I wonder what playlists they are jamming to?

Keatah

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And of course apple would go Intellectual Property on our collective asses...

I didn't think about that one.. I'll just keep running iTunes in a separate window when jamming with Orbiter.


At first I didn't think it looked like an iPod, especially after zooming in. I thought it was a calculator. Then I realized after researching that it appears to be a first-gen Nano, which I hadn't seen before.

I sincerely hope he didn't have Elton John's Rocket Man blaring through speakers on the flight deck. That would be too corny, I'm afraid.

It is actually this one, The 4th gen classic, the first one without the soft buttons up-top. Note the thickness and the size of the screen borders.
ipod-classic-4th-generation.jpg
Rocketman is indeed frequently on their playlists. Sometimes via their choice, or one of those pr stunts where students put together playlists, or the astronaut's family makes the playlist.


Most batteries can overheat and explode. Or just explode (NiH2 batteries like on the ISS are nominally pressurized inside to 60-80 bar, just overheat them slightly and they exceed burst pressure).

True on that. Totally cool they use batteries pressurized to 1000psi!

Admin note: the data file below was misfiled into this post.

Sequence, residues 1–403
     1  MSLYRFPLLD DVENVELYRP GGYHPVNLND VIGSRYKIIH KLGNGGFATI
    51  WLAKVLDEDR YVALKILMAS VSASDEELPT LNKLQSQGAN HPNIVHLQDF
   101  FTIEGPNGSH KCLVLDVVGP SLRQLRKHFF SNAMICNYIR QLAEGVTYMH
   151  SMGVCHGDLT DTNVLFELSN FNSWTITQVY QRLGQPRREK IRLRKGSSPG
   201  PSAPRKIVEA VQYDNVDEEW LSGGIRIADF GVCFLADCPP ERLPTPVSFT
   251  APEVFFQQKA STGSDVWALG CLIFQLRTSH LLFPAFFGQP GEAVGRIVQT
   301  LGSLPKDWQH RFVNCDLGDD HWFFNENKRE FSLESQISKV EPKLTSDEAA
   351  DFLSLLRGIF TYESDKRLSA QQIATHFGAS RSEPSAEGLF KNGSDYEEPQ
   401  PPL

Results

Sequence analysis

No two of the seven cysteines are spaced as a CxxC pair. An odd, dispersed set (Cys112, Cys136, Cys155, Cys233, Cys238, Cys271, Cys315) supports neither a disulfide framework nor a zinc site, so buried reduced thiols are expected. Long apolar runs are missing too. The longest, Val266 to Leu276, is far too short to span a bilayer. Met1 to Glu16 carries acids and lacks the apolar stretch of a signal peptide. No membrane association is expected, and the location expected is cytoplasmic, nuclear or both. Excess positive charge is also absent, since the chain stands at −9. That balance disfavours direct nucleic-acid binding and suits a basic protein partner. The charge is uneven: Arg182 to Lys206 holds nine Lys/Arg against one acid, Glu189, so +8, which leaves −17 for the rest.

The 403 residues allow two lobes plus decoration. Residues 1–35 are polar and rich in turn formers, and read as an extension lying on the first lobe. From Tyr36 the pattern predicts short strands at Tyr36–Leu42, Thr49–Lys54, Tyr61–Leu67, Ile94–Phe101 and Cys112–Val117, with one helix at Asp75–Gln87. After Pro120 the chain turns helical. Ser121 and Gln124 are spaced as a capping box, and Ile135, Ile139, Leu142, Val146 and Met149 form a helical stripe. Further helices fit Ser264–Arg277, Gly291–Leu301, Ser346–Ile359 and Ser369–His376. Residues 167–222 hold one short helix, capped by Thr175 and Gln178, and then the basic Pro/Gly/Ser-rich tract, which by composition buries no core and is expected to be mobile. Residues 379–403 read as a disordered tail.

(Just to ensure we talk about the same picture: I am not talking about this one: http://www.spaceref.com/news/viewsr.html?pid=22729)


I have yet to see anything later than a 4th gen ipod on a us space vehicle yet.
 

RisingFury

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Most batteries can overheat and explode. Or just explode (NiH2 batteries like on the ISS are nominally pressurized inside to 60-80 bar, just overheat them slightly and they exceed burst pressure).


Hmmmm... maybe they reduced weight by sacrificing strong case.

LiH2 batteries are standard for starting up nitro engines on RC planes. You stick them on top of the glow plug plug and it sends the current through the plug, making it glow. You then turn the propeller either with your fingers or with a starter...

When the engine starts running, the heat travels up the metal and reaches the battery. Battery also gets warm when it's being recharged, even though the chargers are usually limited to 100 or 200 mA, so it takes all day to recharge the battery...

LiH2 batteries are used for glow plugs because they don't mind being short-circuited and because they have long life and in excess of 10 000 charge cycles.


Most Lithium fires come from LiPo batteries on competition RC helis. Voltages there often exceed 50 V and currents often go over 150A. When a cell overheats and pops, all you see is a streak of fire flying through the sky.
 
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T.Neo

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What a clever thing to do: :dry:


I have new respect for lithium batteries now. :blink:
 

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I wonder if NASA has flown anybody with serious hard rock and metal on their playlists. Do their shrinks screen for that sort of thing?
 
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